The Golden Goose Award celebrates federally funded research that is seemingly obscure but turns out to have an unforeseen positive impact on society. This year, the prize goes to Dr. John Eng whose discovery of the peptide exendin-4 from the venom of the 2-foot long pink-and-black Gila Monster has provided relief to millions of diabetics.
From Lizard to Laboratory: In 1990, Dr. Eng was intrigued by research at the NIH showing that venom from some snakes and lizards caused the pancreas to expand, as if they were overstimulated. He noted that the Gila Monster only eats about twice a year, yet its blood sugar levels were strikingly constant. The lizard deals with long periods of not eating by slowing its metabolism way down, and then turns it back on like the flick of a switch. He went on to discover exendin-4, a protein naturally found in the saliva and body of the Gila lizard that is remarkably similar to GLP-1, a hormone that triggers the release of insulin from the pancreas. Unlike GLP-1, which has a half-life of minutes, “lizard spit” is long lasting and effective for diabetics who cannot produce enough insulin to control blood sugar.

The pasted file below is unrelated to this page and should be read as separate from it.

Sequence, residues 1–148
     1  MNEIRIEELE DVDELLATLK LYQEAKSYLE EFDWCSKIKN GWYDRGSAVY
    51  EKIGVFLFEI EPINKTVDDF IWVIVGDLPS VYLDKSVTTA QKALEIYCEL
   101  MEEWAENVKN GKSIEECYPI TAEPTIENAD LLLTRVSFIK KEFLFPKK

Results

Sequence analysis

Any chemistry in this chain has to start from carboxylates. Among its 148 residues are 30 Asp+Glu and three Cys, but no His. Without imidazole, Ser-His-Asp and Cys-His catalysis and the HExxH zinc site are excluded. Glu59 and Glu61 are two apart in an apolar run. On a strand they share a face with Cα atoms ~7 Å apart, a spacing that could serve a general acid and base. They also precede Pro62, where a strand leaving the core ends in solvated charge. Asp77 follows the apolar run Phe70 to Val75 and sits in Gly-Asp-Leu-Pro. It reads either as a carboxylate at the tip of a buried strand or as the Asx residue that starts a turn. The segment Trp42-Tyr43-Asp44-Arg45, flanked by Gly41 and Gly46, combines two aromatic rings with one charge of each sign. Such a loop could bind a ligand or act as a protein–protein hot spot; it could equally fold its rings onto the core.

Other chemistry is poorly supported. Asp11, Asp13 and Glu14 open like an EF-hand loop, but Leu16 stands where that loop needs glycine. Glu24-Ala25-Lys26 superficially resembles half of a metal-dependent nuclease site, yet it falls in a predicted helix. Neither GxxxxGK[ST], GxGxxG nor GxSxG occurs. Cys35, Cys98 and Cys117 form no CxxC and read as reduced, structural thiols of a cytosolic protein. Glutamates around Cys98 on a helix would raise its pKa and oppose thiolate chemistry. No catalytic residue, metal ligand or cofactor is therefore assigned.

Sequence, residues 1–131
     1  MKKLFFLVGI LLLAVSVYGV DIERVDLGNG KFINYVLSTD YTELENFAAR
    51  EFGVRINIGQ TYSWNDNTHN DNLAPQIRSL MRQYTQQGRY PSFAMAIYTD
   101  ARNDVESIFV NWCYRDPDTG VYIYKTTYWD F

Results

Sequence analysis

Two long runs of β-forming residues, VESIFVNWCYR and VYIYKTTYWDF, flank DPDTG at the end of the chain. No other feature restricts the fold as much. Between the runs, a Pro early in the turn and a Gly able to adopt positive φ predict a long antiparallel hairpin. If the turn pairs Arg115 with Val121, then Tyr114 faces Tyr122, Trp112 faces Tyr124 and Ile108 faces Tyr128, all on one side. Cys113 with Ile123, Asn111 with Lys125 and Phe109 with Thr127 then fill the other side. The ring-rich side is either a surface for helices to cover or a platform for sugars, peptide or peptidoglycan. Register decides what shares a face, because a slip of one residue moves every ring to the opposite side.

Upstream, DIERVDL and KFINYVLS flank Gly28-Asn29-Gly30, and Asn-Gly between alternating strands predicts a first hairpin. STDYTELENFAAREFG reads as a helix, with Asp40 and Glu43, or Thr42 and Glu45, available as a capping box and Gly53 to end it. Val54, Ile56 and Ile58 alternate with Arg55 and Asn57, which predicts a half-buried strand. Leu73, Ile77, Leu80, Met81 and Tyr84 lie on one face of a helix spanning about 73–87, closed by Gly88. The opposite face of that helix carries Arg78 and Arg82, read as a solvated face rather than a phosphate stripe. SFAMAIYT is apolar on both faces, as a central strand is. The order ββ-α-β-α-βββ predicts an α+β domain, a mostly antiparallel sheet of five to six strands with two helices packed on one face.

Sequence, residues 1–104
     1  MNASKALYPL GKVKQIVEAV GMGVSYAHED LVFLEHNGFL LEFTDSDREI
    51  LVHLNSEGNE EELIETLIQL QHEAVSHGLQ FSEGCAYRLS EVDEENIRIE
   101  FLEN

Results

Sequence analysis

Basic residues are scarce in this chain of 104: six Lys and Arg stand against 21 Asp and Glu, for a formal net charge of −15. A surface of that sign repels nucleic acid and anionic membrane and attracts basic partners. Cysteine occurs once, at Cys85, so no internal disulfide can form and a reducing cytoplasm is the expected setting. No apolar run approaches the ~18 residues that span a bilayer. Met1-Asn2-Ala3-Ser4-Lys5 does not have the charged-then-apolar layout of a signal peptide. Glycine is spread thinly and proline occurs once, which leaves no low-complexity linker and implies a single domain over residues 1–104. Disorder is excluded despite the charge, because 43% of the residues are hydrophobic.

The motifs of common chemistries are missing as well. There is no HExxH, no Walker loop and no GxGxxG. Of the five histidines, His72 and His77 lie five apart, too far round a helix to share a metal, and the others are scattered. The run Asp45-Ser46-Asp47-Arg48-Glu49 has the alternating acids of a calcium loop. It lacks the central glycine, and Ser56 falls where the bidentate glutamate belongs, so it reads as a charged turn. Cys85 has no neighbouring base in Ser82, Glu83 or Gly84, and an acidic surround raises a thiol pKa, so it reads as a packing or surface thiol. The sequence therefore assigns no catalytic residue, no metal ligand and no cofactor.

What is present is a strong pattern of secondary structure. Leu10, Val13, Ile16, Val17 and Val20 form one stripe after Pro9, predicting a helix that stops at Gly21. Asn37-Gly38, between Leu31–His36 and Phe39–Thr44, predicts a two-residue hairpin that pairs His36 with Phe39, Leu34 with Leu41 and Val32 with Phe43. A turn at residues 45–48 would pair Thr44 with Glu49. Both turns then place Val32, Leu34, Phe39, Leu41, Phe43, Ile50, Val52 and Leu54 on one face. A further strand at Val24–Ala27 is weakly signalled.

A Case for Curiosity Driven Research: The Golden Goose award enjoys bipartisan support in Congress. Rep. Jim Cooper (D-TN) said, “Medicine from monsters and venom may sound like a science-fiction novel, but it’s a real-life breakthrough. Dr. Eng’s research shows that we can’t abandon science funding only because we don’t know where it might lead. Just ask millions of diabetics whose lives have been improved by his discovery.” Exendin’s secrets are still being revealed. More recently, it was found to reduce levels of amyloid beta protein (found in senile brain plaques), and a clinical trial to determine safety and efficacy in Alzheimer’s disease is underway (see http://goo.gl/wEy4bX).
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